Although the invention has been described by way of the several embodiments thereof, it should be understood that various changes and modifications may be made without departing from the spirit and scope of the invention.

Claims (15)

What is claimed is:
1. A packaged heat generator for warming objects, said heat generator comprising:
heat generating material;
first enclosing means of air-impermeable material surrounding said heat generating material for containing said heat generating material therein;
second enclosing means of air impermeable material surrounding said first enclosing means for containing said first enclosing means therein, said second enclosing means having air passage means therethrough for allowing air to enter into said second enclosing means;
oxidation promotion material within said second enclosing means and outside of said first enclosing means;
third enclosing means of air impermeable material surrounding said second enclosing means for removably containing said second enclosing means therein, said third enclosing means being openable and recloseable at one end.
2. A heat generator as claimed in claim 1, wherein said second enclosing means is folded into two portions along a fold line inside said third enclosing means, said first enclosing means being on one side of said fold line and said oxidation promotion material being on the other side of said fold line, whereby said heat generating material is securely kept away from said oxidation promotion material.
3. A heat generator as claimed in claim 1, wherein said air passage means is comprised of:
a channel extending longitudinally along one side of said second enclosing means; and
a strip of air-permeable material beneath and lining said channel.
4. A heat generator as claimed in claim 1, wherein said second enclosing means is comprised of two laminated sheet materials, one being air-permeable, and the other being air-impermeable with a plurality of air holes therethrough.
5. A heat generator as claimed in claim 1, wherein said second enclosing means is comprised of:
a generally cylindrical air-impermeable base material having on one side thereof a plurality of air holes; and
a coating of air-permeable and heat-insulating material applied over said side of said air-permeable base material having said holes therein.
6. A heat generator as claimed in claim 1, wherein said heat generating material is a mixture of powdered metals selected from the group consisting of:
powdered iron;
powdered aluminum;
powdered ferro-silicon;
powdered silicon; and
graphite.
7. A heat generator as claimed in claim 1, wherein said heat generating material is a mixture of powdered metals selected from the group consisting of:
powdered iron;
powdered aluminum;
powdered ferro-silicon;
powdered silicon;
graphite; and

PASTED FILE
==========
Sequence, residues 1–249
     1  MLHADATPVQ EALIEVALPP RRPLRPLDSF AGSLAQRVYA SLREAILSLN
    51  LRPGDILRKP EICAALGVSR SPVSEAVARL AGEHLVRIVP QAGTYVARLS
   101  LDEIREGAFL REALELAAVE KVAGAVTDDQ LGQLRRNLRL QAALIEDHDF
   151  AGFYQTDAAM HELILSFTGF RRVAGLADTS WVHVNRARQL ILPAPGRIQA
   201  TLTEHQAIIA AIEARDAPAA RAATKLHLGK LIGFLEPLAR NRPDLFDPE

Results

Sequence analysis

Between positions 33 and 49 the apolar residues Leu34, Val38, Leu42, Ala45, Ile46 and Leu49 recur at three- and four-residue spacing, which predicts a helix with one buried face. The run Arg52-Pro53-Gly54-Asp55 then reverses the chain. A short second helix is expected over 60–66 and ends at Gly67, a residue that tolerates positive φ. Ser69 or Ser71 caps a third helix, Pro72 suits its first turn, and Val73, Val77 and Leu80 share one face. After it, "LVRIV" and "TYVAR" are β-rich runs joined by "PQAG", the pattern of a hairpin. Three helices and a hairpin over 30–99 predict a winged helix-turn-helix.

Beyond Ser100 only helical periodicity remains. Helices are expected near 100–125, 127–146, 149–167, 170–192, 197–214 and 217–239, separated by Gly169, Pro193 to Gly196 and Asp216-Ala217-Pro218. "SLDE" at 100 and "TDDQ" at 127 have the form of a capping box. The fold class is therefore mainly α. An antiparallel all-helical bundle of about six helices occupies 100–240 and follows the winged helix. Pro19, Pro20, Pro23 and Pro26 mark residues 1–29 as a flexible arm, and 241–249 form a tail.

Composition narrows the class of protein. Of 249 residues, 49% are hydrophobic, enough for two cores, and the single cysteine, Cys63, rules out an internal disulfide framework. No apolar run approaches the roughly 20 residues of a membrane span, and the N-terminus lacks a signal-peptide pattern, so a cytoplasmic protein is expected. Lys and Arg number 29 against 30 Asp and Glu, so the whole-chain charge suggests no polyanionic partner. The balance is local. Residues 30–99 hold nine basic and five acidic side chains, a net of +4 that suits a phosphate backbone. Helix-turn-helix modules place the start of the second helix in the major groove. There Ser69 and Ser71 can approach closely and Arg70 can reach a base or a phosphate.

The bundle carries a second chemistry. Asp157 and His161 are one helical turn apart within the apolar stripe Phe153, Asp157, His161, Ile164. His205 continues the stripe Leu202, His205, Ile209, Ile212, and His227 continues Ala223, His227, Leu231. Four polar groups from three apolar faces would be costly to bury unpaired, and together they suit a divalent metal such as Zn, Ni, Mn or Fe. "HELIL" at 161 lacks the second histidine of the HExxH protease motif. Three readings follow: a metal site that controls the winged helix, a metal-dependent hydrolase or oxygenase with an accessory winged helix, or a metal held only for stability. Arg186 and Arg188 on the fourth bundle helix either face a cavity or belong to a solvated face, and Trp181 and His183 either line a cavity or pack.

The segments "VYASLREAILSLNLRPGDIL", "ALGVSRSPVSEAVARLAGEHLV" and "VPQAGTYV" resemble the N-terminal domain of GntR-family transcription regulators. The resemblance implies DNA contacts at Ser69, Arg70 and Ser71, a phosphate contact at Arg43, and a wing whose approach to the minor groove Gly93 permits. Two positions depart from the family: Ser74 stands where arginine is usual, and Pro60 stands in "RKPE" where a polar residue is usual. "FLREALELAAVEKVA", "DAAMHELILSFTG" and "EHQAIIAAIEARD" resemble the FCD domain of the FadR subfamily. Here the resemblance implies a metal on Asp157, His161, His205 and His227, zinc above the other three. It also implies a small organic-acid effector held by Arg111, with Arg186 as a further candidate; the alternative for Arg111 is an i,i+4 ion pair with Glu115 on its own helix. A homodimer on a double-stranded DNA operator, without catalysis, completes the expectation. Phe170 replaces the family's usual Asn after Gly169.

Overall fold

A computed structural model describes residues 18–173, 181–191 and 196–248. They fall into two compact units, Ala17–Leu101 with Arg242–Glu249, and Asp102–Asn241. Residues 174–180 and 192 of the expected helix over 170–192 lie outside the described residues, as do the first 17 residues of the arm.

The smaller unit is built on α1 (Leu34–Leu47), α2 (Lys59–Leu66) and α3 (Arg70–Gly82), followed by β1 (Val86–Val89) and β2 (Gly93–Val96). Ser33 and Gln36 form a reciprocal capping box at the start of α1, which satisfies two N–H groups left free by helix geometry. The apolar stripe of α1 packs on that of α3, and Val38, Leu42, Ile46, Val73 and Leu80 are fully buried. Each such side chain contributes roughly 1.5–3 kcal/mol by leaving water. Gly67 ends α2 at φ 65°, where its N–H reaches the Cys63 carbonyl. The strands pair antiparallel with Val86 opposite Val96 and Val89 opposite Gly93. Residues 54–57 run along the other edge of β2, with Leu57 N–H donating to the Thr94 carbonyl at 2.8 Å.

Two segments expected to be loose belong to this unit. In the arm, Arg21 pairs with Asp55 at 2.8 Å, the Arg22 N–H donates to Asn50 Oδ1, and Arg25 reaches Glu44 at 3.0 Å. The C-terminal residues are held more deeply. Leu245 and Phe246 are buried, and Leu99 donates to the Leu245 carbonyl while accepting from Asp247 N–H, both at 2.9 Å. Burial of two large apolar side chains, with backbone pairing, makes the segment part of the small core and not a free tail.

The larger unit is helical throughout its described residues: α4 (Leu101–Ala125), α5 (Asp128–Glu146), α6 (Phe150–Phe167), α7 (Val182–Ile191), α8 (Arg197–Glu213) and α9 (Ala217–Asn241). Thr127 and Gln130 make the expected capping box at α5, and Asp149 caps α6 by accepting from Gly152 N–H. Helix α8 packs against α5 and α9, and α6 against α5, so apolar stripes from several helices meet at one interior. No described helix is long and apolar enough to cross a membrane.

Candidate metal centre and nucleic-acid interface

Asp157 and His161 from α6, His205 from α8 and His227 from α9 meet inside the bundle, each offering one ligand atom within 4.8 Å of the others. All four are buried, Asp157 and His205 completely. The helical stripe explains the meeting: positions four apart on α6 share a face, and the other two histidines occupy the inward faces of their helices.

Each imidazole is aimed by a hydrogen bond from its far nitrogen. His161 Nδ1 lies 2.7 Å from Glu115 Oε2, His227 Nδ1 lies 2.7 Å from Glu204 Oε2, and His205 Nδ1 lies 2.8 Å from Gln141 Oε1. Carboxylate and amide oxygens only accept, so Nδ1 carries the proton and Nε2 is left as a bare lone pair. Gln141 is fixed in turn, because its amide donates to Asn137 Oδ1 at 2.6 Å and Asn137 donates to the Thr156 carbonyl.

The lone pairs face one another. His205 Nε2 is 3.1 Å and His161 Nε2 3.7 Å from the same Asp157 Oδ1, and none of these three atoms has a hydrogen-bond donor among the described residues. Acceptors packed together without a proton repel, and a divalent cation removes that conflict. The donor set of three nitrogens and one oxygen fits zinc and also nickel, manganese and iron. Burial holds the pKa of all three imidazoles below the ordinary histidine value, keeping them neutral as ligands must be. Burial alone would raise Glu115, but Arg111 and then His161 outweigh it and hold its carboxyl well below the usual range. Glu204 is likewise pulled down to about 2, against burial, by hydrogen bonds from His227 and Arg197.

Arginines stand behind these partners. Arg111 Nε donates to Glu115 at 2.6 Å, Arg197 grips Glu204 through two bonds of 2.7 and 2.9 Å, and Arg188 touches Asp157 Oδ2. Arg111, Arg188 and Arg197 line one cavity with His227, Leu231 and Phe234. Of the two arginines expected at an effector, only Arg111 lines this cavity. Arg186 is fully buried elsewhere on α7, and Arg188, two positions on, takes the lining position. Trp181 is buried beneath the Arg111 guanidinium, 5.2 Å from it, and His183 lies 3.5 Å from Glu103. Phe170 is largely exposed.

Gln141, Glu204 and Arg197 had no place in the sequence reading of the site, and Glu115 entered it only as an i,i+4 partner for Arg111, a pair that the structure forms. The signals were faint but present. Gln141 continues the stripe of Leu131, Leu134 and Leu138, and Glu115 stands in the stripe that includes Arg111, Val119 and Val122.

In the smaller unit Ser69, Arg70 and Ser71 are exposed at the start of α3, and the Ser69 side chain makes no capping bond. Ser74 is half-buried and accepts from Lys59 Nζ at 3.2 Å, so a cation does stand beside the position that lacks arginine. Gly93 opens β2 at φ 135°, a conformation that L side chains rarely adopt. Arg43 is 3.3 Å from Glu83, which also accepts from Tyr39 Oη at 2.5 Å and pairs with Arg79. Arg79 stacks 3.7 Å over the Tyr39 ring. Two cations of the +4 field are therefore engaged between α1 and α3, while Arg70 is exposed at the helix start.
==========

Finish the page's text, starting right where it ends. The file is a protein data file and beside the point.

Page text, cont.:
bentonite.
8. A heat generator as claimed in claim 1, wherein said oxidation promoting material is a mixture of materials selected from the group consisting of:
humidified activated charcoal powders;
powdered fabrics;
chaffed charcoal powders; and
zeolit.
9. A heat generator as claimed in claim 1, wherein said oxidation promoting material is comprised of a mixture of materials selected from the group consisting of:
humidified activated charcoal powders;
powdered fabrics;
chaffed charcoal powders;
zeolite; and
bentonite.
10. A heat generator as claimed in claim 1, wherein said first enclosing means is open at one end thereof and is expandably folded closed, and the other end thereof is heat sealed to said second enclosing means.
11. A heat generator as claimed in claim 1, wherein said first enclosing means is adapted to collapse by application of pressure, bending or gentle impact.
12. A heat generator as claimed in claim 1, wherein the amounts of said heat generating material and said oxidation promoting material require substantially 5% to 50% of the capacity of said second enclosing means.
13. A heat generator as claimed in claim 1, further comprising, in said first enclosing means, materials selected from the group consisting of:
fragrant smelling substances;
deodorant substances;
insecticides; and
insect repellent substances.
14. A heat generator as claimed in claim 1, wherein said second enclosing means is comprised of:
air-permeable material of a generally cylindrical form; and synthetic resin material attached by means of a heat-fusion to at least a portion of said air-permeable material whereby portions of said air-permeable material are impermeable to air.
15. A packaged heat generator for warming objects, said heat generator comprising:
heat generating material;
first enclosing means of air-impermeable material surrounding said heat generator material for containing said heat generating material therein;
second enclosing means of air impermeable material surrounding said first enclosing means for containing said first enclosing means therein, said second enclosing means having air passage means therethrough for allowing air to enter into said second enclosing means, said air passage means being comprised of:
a channel extending longitudinally along one side of said second enclosing means, and a strip of air-permeable material beneath and lining said channel;
oxidation promotion material within said second enclosing means and outside of said first enclosing means whereby said oxidation material is separated from said heat generating material; and